There is currently a disturbing, destructive practice of far too many within the Body of Christ. It is the act of vilifying others on the basis that their particular function in ministry, in the Body is different from ours. Along with this error is the crime of spiritualizing and therefore rationalizing our judgments and actions concerning others to places beyond those permitted by Scripture or by the Spirit of God.

 We are provided established limits: “ . . . though I have the gift of prophecy, and understand all mysteries and all knowledge, and though I have all faith, so that I could remove mountains, but  have not love, I am nothing.”[1]

 When the Creator spoke worlds into existence, He provided banks for every river with good cause. All the life-sustaining potential of the river is both exhausted and becomes a destructive force without the riverbank. Boundaries, borders, “riverbanks” are God’s protection to those    who would benefit from the waters contained by their banks.

 Creation is a vast Treasury of Information, it is Heaven’s great Example from which we learn and by which we live.

 Within His creation, God provides a “thus far,”[2] preceded by His testimony, “I fixed My limit . . .” That boundary is intended for much more than the restraint of the Evil One. When our words, our actions, our judgments arrive at or exceed redemptive limits, a “thus far and no   farther” echoes from Father’s heart to ours. God is Healer and Restorer, not Destroyer.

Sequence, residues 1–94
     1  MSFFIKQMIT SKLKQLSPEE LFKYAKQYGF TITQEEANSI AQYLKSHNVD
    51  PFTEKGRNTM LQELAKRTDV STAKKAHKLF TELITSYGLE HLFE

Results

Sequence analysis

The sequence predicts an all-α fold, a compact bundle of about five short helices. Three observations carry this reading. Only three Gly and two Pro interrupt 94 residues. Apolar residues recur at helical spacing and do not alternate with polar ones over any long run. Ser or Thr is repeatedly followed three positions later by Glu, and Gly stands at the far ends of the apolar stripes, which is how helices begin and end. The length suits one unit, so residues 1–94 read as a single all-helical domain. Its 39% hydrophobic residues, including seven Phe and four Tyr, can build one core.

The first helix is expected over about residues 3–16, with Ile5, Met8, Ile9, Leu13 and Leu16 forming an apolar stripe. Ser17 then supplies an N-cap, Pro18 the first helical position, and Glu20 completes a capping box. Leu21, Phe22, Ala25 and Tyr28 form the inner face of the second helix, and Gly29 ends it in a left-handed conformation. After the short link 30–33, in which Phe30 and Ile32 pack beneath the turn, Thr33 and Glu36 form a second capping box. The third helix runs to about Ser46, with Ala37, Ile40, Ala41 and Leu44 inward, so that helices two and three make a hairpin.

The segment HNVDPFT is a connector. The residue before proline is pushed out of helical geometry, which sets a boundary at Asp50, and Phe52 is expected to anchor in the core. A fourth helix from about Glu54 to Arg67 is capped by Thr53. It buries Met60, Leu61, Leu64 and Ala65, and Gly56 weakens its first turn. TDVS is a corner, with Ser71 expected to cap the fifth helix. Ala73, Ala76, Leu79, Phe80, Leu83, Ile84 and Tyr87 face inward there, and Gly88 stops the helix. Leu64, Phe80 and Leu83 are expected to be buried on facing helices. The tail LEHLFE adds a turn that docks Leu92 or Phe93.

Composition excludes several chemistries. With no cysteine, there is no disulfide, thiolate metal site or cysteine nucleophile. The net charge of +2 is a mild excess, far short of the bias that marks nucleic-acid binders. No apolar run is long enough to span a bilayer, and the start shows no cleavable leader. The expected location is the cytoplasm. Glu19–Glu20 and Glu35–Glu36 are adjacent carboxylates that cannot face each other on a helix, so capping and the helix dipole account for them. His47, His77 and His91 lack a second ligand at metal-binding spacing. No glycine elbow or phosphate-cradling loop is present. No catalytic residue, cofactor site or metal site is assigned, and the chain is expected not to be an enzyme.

Those who have come out from Him will increasingly reflect the Father’s character and nature in all their activity and life-flow. The characteristics of the Father’s DNA will be found in the son as surely as biological traits flow from natural generation to natural generation.

 In personal testimony, my wife and I saw the divine DNA manifest a number of years ago.

 We were assisting a group of families who were attempting to move through a difficult, interpersonal challenge, and found ourselves tiptoeing through a minefield of emotions when suddenly, and in spite of our most cautious steps, a spiritual explosion ripped across the landscape of our carefully planned strategy to bring everyone safely through their disagreements. The resulting devastation was widespread, and several local churches became the happy   recipients of new “members” when the dust had settled.